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Why I Ditched My Scale

January 14, 2019

Outside of going to the doctor’s office in August for a good ole pap smear and to get tested. I cannot remember the last time I stepped on a scale. And even when I stepped on the scale at the doctor’s office I asked them to keep the weight to themselves. I never focused on my weight till college. I was always a naturally thin girl in high school, I could eat anything and would not gain a pound, weighing in around 120-125(my thighs did not touch) but this was natural for me. Well college came around I started collegiate volleyball. This meant higher level workouts and weight training, and the downfall of drinking and eating food your parents didn’t prepare. I got up to 140 pounds and I hated the way I looked. I had never looked this way! I felt bulky and overly muscled. When I quit volleyball 2 years into college I started fasting on certain days and I ran at least 5 miles a day and I was able to drop the weight I had gained because of volleyball and began to love my body again.

 

Fast forward a few years and I am living in LA and fit modeling for a few brands and show rooms. To be a good fit model you have to keep consistent measurements, I would sometimes force myself to not eat anything but yogurt some days leading up to a casting or big fitting job; or drinking a hot chocolate before a day of fitting to keep me full and from eating. Now once I booked the job my eating habits went back to normal for the most part. When I came home for the holidays from Los Angeles my mom would always make a point of how I should buy a scale just to keep track of my weight, which I thought was a great idea to keep my fit modeling job. Things took a turn when I entered a toxic and abusive relationship, I went from 130 pounds to leaving the relationship a whole 104 pounds. I don’t blame the relationship on my body dysmorphia, this is something I had developed before. I was the healthy looking 133 pound girl with a flat stomach and could look in the mirror and think hmmm I wish my arms were thinner, etc. etc. But what did develop while I was in the emotionally abusive relationship was stomach and digestive issues. Gross right? But it’s the truth and it is a symptom of abuse people don’t talk about. I actually thought at one point in time I had a parasite, that is how blind I was to the situation in my life. Therapist Kimberly Hershenson says, “Stomach and digestive issues like acid reflux can be a potential way that something like emotional abuse could take a physical form. These kinds of relationships and situations can be extremely stressful (and, of course, exceedingly traumatic) and stress can really take a toll.” And I am living proof of this. “Back in 1997, a review of the science found "a significant association between a history of sexual, physical or emotional abuse and IBS symptoms." When the abuse was at an all time high I could rarely eat a meal without having to rush to the bathroom 5-15 minutes after I finished. Certain mornings after a night of enduring harsh words I would wake up sick and have to use the restroom. There is a link between our brains and digestive system. If you think I am crazy for believing this, think of when you’re nervous over a game, test, presentation, a lot of times you feel like you’re going to crap your pants beforehand. I can honestly say that after being out of the toxic relationship my body's digestive system eventually returned back to normal around 5 months of being free. There is no more running for the restroom after a meal or sprinting to the bathroom in the mornings. But some victims never overcome these symptoms of PTSD.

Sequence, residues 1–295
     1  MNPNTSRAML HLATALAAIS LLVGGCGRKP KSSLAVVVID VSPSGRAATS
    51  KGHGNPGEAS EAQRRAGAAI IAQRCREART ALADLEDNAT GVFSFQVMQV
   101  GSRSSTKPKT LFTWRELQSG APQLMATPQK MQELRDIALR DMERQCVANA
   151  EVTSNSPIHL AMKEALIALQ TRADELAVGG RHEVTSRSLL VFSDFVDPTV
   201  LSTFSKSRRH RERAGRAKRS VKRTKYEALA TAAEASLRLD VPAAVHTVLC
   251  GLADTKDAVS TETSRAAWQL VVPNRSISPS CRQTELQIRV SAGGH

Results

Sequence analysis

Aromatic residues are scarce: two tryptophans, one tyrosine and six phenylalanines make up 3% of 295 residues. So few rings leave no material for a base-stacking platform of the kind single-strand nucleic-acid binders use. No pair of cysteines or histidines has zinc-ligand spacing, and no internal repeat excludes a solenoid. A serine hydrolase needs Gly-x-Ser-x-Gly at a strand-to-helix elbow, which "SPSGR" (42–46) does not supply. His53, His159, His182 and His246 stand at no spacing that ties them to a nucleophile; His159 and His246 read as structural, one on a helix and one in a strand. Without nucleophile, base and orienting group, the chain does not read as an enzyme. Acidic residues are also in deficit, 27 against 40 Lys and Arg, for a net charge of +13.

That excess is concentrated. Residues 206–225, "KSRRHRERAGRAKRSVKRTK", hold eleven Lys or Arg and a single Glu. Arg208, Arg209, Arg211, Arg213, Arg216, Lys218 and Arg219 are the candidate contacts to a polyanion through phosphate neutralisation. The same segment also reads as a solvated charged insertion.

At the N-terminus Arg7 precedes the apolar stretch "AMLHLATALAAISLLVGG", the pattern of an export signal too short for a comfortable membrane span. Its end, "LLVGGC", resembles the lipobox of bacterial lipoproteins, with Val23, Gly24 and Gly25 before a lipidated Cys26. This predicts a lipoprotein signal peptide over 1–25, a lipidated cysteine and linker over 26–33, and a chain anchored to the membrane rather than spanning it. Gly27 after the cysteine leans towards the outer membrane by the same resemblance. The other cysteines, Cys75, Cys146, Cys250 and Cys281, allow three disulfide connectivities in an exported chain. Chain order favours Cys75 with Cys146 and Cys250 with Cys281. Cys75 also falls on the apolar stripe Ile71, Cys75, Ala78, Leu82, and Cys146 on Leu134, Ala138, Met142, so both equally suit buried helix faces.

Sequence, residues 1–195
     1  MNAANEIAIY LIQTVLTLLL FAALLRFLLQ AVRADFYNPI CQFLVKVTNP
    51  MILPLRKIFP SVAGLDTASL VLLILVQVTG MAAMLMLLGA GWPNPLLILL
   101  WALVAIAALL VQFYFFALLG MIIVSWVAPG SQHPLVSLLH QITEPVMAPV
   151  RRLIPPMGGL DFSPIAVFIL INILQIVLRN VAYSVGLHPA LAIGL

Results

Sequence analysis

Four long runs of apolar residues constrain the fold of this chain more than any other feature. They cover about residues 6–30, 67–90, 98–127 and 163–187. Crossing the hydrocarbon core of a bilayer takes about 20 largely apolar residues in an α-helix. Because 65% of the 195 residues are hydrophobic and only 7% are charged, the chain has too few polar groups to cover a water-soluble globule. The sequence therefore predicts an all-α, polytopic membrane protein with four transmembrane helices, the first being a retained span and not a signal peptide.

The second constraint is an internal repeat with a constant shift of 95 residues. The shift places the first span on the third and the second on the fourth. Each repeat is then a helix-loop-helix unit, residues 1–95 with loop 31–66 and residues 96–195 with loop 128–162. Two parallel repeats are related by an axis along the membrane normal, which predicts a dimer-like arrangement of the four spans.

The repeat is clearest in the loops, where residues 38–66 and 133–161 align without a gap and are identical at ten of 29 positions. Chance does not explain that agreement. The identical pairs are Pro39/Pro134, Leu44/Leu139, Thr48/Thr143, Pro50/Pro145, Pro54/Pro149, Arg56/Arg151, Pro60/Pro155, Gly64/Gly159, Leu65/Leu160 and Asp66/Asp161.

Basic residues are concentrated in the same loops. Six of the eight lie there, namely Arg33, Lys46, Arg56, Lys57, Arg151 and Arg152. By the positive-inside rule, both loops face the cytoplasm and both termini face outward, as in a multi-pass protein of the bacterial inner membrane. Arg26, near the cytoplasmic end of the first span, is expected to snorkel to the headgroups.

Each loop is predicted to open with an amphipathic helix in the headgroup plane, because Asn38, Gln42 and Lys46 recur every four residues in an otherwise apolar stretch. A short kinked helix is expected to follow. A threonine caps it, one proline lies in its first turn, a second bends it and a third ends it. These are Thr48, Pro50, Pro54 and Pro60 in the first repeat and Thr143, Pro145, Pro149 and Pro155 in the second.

When I made my exit from my abuser I made it my mission to get back to what I was before, so I did focus on the scale. I would weigh myself often and watch as the numbers crept back from 103 pounds to my goal of 130 pounds. The thing is I was developing a habit and this habit wasn’t healthy for someone who has body dismorphia and suffered anorexia.  I never thought owning a scale was toxic but I also never came to the terms that I had a form of body dysmorphia till that year I exited the relationship. I never took my issues seriously because I felt like I was okay and not sick because I wasn’t throwing up after I ate. During the relationship as I began to shed more and more weight I wasn’t looking in the mirror thinking oh my god you are so fat you need to lose weight, it wasn’t ever like that. I thought I wasn’t causing myself harm when in reality I was mentally and physically.

 

From that dark time to the present I have put on around 50 pounds, fluctuating here and there. 50 pounds! If you had told me this a few years ago I would have freaked the fuck out. I’m thicker than I have ever been, I weigh more than I ever have, yet I am the most comfortable I have been in my skin in years. I mean it, I seriously love my body and the curves that have developed (not saying anything is wrong with being skinny) but I feel that my body is at the weight she is meant to be at. I don’t weigh myself, I judge myself on how I feel looking in the mirror, how my body feels through out the day, and how I am mentally carrying the weight. Am I happy and comfortable in my skin? For the most part yes. Do I still have times where I fat shame myself? Yes. I have come to realize with thickness comes a little gut that I haven’t had before so yes, I am hitting the abs hard this year. I am not judging those that use scales and I am not saying go throw your scale out the window. What I am saying is this is what has made me happier and healthier and if you find yourself in a similar place like the place I wrote about above, ditching the scale might be the right move for you. After all, you are so much more than a number.

 

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